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New faces and new voices take over in February's Twin Cities rap roundup

That's Hunchoboy Skinny!

That's Hunchoboy Skinny! YouTube

As I predicted last month, 2019 is shaping up as a year for fresh and/or young talent to infiltrate the scene—several names areeappearing in this column for the first time ever this month.

DB Tha Rasta ft. JonRay – “Designer Diva”
Album: Single
Label: Self-released

St. Paul’s DB Tha Rasta is in this space for the second month in a row—this time for a collaboration with Minneapolis’ JonRay. The two come together for a rock-solid street single with a flashy, accompanying MinnesotaColdTV video that makes both look like real-deal stars.

Lizea Harper – “Fantasy”
Album: Single
Label: Self-released

An intoxicating hybrid of rap, pop, and electronic sounds from Minneapolis’ Lizea Harper. Some of her singing here reminds me of Lana Del Rey, but Harper can spit, too.

Hunchoboy Skinny – “No Hook”
Album: Single
Label: Self-released

Hunchoboy Skinny is a brand-new name to me, a Somali-American rapper from Minneapolis who, it sounds like, recently completed a prison sentence. With the self-explanatory “No Hook,” Skinny is off to a hot start in 2019, generating strong YouTube numbers and even some attention from the popular Chicago blog Kollege Kidd. Here, he breathlessly goes in over a booming beat with a flow that reminds me of Chicago’s Cdot Honcho.

iLLism – “New Money”
Album: Illuminate
Label: Self-released

The duo of Minneapolis natives Envy and Fancy, together known as iLLism, have a distinct part-rap, part-R&B dynamic that serves them well throughout their new album, Illuminate. Case in point: the bag-chasing highlight “New Money.”

Mic Q.A – “For the Love”
Album: Another Soft Ass Rap EP
Label: Self-released

Just because Mic Q.A gave his new project the self-deprecating title Another Soft Ass Rap EPdoesn’t mean you should guiltlessly scroll past it. It’s a solid eight-track release (six proper songs plus two genuinely funny skits), with some of the Minneapolis MC’s purest rapping coming on the gorgeous Beats in My Backpack production “For the Love.”

Pilot Jonny ft. Knucky and Sole2dotz – “Selfish”
Album: Single
Label: Self-released

The prolific Pilot Jonny’s self-produced latest single offers an effective contrast between Jonny’s simple, Auto-Tuned hook and a cypher-like rotation of verses from himself, Knucky, and Sole2dotz.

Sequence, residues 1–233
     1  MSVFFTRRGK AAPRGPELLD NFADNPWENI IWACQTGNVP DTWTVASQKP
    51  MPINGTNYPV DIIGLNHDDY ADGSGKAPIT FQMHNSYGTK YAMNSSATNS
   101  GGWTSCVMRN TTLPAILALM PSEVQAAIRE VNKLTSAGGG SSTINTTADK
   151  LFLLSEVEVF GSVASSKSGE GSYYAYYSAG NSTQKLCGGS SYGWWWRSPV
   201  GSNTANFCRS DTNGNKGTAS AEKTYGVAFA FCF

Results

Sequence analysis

Will Robinson ft. J. Plaza – “Get Lit”
Album: The Monkey Paw EP
Label: Peace of Mind & Drugs

Let’s be honest: In today’s rap landscape, a song called “Get Lit” doesn’t promise a ton of originality. An artist needs to go extra hard for the track to not be ridden with cliches, and fortunately, Will Robinson—one of the acts selected for City Pages’ Poised to Poplist last month—and J. Plaza accomplish that on this roaring whirlwind of a single. It’s the first taste of Robinson’s upcoming The Monkey PawEP.

SKNY – “C4”
Album: Single
Label: Machine Entertainment Group

Minneapolis’ SKNY and his signature hairstyle showed up in a couple of rap’s internet hubs in January, first with his WorldStarHipHop-premiered I Got” video and then with his “C4” visual, which debuted via Elevator. Here, SKNY dizzingly alternates between Playboi Carti-style ad-libbing-as-rapping as well as some faster, trickier patterns.

Taylor J – “Never”
Album: Coolin Till My 3rd Album Drop EP
Label: Scenious Entertainment

St. Paul favorite Taylor J is gearing up for his third album, and he’s once again released a warm-up EP to get his fans ready for the follow-up to last year’s Only Us. But not one of the four songs on Coolin Till My 3rd Album Dropsounds like a mere throwaway that’s unfit for a proper album. Standout track “Never” centers on just how little life, rap, and street experience you have compared to Taylor. I wouldn’t be mad if this pops up again on the Rosestracklist.

Why Khaliq – “Real”
Album: Single
Label: Self-released

Why Khaliq kept his #WhyWednesday series rolling after he released “Seasons Change,” selected for January’s roundup. “Real” is his latest midweek drop and possibly the best of the bunch, centering on what may be hip-hop’s most essential adjective.